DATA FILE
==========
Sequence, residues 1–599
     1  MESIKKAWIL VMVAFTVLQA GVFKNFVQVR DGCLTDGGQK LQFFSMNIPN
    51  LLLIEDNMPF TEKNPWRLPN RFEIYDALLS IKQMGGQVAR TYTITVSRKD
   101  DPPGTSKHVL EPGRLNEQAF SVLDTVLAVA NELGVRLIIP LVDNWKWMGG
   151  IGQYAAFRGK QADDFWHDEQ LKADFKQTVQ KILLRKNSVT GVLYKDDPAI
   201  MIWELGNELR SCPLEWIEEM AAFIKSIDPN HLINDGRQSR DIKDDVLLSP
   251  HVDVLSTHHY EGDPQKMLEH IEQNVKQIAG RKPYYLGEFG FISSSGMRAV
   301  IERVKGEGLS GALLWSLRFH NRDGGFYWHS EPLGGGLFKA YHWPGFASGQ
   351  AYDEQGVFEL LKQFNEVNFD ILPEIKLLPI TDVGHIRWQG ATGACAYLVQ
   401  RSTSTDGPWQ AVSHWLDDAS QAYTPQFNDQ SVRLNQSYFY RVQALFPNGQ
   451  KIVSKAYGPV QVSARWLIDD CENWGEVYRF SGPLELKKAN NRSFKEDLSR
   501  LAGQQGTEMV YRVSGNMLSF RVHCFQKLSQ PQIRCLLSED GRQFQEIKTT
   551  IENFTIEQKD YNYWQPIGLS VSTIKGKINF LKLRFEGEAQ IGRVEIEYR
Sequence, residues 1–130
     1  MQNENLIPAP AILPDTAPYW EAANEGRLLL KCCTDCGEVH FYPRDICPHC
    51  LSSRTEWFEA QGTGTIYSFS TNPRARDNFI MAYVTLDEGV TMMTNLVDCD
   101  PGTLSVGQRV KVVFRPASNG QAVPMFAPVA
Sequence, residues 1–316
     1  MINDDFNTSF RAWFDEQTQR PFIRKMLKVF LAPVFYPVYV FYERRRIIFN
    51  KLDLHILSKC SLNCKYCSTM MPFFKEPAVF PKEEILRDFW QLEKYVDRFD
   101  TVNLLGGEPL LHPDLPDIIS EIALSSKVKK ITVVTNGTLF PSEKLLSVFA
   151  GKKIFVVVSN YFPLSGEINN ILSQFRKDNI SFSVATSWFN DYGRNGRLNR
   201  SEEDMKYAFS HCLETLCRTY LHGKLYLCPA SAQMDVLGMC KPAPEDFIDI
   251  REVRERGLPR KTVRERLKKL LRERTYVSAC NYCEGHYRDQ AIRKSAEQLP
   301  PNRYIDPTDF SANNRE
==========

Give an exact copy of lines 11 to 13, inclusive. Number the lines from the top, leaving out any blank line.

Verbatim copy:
   451  KIVSKAYGPV QVSARWLIDD CENWGEVYRF SGPLELKKAN NRSFKEDLSR
   501  LAGQQGTEMV YRVSGNMLSF RVHCFQKLSQ PQIRCLLSED GRQFQEIKTT
   551  IENFTIEQKD YNYWQPIGLS VSTIKGKINF LKLRFEGEAQ IGRVEIEYR